Jesus Heals Blind Bartimaeus

Mark provides a series of parables in chronological order matched to the overall story of the Bible. This one is about Russia’s Christian conversion.

The Story

46And they came to Jericho; and when Joshua went out of Jericho with his disciples and a large crowd, a blind man, Timaeus, the son of Timaeus, sat by the roadside begging. 47When he heard that it was Joshua of Nazareth, he began to cry aloud and say, Son of David, have mercy on me. 48And many rebuked him and told him to keep quiet, but he cried out more saying, Son of David, have mercy on me. 49Then Joshua stopped and commanded to call him. So they called the blind man, and said to him, Have courage, rise; he is calling you. 50And the blind man threw off his robe and got up and went to Joshua. 51Joshua said to him, What do you wish me to do for you? The blind man said to him, Master, that I may see. 52And Joshua said to him, See; your faith has healed you. And immediately, he saw, and went on his way. Mark 10:46-52


The location of this parable, outside of Jericho with a large number of people, is key to opening up the rest of the parable. Jericho is most famous as the first city taken by the ancient Israelite army as they crossed the Jordan river. The most famous resident of the city was Rahab, the prostitute.

Rahab is one of the most curious characters in the Old Testament narrative. She gave shelter to the two Israelite spies. When the Jericho city officials came around looking for the spies she gave them cover by saying they had departed the city when in fact they were hidden on her roof. In return for the favor of shelter she asked for protection for her family. The spies granted her that request on the condition that she tie a red rope in her window so the invading army would know it was her house and on the condition that all of her family must remain in her house.

When the walls of the city collapsed Rahab’s house was spared, at least enough that her family escaped the collapsing rubble. Since Jericho’s wall fell by miraculous intervention it is a curious fact that God himself spared Rahab’s house.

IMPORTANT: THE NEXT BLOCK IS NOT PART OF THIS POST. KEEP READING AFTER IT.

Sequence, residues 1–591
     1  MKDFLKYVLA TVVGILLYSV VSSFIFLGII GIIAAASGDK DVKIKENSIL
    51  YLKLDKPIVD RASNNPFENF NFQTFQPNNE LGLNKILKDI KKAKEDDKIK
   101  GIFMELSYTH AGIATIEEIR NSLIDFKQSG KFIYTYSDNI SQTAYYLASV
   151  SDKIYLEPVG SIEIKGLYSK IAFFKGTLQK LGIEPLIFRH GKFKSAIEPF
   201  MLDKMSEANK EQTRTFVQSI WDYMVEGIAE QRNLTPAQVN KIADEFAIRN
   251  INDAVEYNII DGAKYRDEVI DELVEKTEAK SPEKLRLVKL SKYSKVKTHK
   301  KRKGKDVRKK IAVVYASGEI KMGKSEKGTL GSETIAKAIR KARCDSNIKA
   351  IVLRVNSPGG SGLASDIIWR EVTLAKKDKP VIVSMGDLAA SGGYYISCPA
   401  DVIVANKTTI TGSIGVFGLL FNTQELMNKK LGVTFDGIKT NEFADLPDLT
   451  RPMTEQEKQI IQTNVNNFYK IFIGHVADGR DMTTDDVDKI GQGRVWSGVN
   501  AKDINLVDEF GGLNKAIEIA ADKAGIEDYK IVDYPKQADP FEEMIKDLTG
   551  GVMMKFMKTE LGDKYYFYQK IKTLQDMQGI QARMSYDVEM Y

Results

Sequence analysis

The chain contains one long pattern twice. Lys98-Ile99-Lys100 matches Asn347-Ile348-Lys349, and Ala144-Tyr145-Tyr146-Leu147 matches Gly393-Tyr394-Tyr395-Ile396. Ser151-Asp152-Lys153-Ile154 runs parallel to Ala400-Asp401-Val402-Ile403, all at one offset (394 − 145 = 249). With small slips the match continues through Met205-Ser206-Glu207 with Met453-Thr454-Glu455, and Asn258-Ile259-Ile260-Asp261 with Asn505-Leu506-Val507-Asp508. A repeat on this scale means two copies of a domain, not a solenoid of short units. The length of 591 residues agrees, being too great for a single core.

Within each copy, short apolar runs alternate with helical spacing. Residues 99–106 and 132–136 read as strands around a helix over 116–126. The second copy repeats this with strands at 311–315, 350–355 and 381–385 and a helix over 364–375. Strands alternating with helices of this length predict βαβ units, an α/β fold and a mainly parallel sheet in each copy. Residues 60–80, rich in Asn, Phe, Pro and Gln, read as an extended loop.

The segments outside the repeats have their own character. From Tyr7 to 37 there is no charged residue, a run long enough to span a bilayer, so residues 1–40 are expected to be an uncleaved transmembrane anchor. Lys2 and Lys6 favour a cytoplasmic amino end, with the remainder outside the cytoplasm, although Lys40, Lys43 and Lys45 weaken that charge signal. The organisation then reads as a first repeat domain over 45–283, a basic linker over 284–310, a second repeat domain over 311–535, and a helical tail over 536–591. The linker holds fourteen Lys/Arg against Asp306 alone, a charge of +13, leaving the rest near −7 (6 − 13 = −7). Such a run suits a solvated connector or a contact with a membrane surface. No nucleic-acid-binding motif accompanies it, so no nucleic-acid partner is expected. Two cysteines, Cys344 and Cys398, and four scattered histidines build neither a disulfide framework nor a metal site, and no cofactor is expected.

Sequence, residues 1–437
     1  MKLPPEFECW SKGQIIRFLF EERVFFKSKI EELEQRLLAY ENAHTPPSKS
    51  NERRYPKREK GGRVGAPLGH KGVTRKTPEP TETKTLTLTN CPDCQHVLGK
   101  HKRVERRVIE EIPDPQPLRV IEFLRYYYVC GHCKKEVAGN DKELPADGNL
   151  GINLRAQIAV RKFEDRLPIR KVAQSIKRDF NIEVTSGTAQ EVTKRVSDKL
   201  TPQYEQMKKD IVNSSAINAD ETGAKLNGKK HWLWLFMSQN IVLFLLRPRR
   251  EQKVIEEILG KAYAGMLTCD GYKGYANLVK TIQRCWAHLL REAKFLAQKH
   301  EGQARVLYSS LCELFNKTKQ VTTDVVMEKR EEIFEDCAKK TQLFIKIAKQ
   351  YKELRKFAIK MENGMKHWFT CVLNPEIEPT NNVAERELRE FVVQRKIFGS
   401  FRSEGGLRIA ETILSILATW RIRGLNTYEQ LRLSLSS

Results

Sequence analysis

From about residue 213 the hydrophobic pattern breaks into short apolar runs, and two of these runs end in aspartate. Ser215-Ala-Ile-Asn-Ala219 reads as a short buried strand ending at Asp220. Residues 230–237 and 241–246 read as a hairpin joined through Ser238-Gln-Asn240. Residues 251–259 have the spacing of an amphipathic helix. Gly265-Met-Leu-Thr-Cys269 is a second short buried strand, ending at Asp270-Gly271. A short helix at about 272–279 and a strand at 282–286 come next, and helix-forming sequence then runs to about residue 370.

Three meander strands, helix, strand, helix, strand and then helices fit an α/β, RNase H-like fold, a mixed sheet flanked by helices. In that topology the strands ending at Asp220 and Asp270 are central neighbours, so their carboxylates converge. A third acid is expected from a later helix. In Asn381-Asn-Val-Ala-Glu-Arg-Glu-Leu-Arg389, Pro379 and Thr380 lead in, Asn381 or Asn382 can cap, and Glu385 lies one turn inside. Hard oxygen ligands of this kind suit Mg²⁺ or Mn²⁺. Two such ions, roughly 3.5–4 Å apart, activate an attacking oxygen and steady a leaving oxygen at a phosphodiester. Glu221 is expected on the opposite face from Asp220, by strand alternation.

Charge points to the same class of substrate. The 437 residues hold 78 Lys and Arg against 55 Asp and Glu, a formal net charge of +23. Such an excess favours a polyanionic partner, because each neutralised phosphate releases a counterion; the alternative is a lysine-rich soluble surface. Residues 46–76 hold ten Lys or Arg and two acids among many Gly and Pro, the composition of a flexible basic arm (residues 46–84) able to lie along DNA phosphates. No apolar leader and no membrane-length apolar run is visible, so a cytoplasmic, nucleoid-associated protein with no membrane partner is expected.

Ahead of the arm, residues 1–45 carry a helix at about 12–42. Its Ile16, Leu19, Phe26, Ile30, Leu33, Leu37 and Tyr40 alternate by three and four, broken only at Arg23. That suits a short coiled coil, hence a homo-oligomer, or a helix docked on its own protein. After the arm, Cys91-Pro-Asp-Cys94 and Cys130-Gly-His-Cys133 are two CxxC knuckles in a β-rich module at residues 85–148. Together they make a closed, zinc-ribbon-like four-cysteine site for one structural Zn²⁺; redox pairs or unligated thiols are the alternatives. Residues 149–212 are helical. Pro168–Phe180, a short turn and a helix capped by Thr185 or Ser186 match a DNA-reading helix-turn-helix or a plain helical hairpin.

Rahab is also listed in the genealogy of Jesus. Specifically, she is an ancestor of David, from the tribe of Judah. After the ancient Israelites conquered Jericho she was allowed to marry into the tribe of Judah. Why?

The answer to this question likely deals with the fact that the names of the spies sent to explore the land around Jericho are not named. This is odd because this was a particularly prestigious assignment. Joshua would have picked his best men. Men who were able to handle themselves and likely take leading roles in the army. This is how Joshua and Caleb, the two leaders of the Israelite army had received their military commissions. These two had survived the 40 year Sinai death march because God’s favor was upon them. Surely the two spies at the crossing of the Jordan river would receive similar recognition.

But, there was a small problem. These two spies had ended up in a prostitute’s house in the enemy camp.

Say you were a spy working for General Patton in World War II. You’re sent to Paris in order to figure out how the city is defended. Your orders are to report back on the military defenses of the city. Your boss wants the report because he will be arriving in a few days time with the army. He won’t have time to survey the city himself during the heat of battle. He wants no surprises later and is willing to risk the life of the spies in order to gain information.

What information does the General want? Military tactical information like troop strength. The amount and types of armaments. Perhaps some sense of the moral in the city under siege.

How do the spies get that information. By visiting a whore house?